Monday, May 4, 2009

Prevent Child Abuse America's response to Newsweek's article "The Principal and The Paddle."

You may have seen Newsweek's recent article "The Principal and The Paddle," which discusses a principal's use of corporal punishment in his formerly struggling school. Below is the Letter to the Editor we sent to Newsweek in response to this article. We did not seek to get into a debate about the merits of corporal punishment, but we did look to discuss what a lost opportunity this article truly was, not only failing to discuss alternatives to corporal punishment, but the long-term impacts of this approach and how we all play a role in child development.

To the Editor,

I am profoundly disappointed in your recent article “The Principal and The Paddle.” It is a story with many missed opportunities that could have been used to engage the public in an important and emotionally charged issue. Prevent Child Abuse America’s policy position on corporal punishment is that age-appropriate discipline may be necessary in school and institutional settings but that non corporal means of discipline, such as giving time-outs, explaining rules, or taking away privileges, have been shown to be more effective than paddling. Whether the use of corporal punishment in schools is appropriate or not however, is not the focus of this letter. My focus today is highlighting how this article could have encouraged readers to ask a different series of questions to educate and inform the American public on this contentious issue.

The article could have been more balanced in asking what the long-term impact of corporal punishment is on a child’s development? Are those long term impacts worth the perceived short-term benefits as described in the article? Are children able to differentiate between this type of sanctioned behavior and the other types often found on the school playground or at the school bus stop; behaviors that themselves bring disciplinary action in many circumstances? Do children translate the use of this type of punishment as an acceptable means to control and manage others rather than providing more peaceful and more effective means of solving problems? The article told a local story that could have been an important forum for a national issue.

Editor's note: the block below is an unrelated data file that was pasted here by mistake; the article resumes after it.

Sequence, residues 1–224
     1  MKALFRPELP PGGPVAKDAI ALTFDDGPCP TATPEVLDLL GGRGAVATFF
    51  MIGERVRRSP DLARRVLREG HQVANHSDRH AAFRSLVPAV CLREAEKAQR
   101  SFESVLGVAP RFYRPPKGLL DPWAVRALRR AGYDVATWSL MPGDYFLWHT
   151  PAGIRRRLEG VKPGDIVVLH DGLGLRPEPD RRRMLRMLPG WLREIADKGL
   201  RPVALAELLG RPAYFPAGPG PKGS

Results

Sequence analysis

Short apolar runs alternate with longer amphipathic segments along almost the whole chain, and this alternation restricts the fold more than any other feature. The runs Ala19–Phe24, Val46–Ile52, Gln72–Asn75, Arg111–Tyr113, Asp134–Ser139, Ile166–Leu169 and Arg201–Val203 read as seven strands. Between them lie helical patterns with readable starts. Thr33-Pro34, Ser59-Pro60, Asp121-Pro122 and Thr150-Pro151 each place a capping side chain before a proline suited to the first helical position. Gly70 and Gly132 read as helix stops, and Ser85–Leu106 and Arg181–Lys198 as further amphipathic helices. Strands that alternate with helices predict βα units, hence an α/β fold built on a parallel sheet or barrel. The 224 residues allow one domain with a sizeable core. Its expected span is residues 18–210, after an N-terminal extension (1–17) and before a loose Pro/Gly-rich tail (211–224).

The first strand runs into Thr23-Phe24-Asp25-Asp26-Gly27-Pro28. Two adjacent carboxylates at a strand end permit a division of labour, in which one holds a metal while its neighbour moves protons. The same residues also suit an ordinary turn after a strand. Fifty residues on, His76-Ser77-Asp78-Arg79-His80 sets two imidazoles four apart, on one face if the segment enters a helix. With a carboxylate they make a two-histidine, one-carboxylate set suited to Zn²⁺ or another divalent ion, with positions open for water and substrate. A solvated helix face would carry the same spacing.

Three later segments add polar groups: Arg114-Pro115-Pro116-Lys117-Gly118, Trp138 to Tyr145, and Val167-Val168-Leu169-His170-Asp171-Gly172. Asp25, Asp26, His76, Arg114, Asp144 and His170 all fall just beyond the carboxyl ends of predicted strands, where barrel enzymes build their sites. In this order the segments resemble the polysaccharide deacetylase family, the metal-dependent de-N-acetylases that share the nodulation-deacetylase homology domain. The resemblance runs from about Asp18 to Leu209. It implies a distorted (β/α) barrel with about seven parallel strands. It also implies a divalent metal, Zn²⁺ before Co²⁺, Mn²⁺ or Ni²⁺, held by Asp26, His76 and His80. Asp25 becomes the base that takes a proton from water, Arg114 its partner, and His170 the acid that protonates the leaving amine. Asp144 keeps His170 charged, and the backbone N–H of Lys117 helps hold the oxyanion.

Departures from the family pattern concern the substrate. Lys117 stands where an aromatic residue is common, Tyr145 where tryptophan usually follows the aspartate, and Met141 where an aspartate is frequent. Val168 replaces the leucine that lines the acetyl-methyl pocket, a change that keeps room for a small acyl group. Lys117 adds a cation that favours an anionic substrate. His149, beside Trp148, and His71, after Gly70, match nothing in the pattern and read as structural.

We all play a role in ensuring that prevention strategies exist in the communities in which we live. We also all play a role in children’s development and I hope your next article will focus on these things. We know that teaching children violent discipline teaches them violence. More importantly, we know that it is not effective. Certainly many of Principal Nixon’s other actions and reforms should be celebrated and we can all probably learn from them to enhance our collective efforts on child development. Child development is the core of community development and community development is what drives economic development. I look forward to the article that glamorizes these facts as well.


James M. Hmurovich, President & CEO

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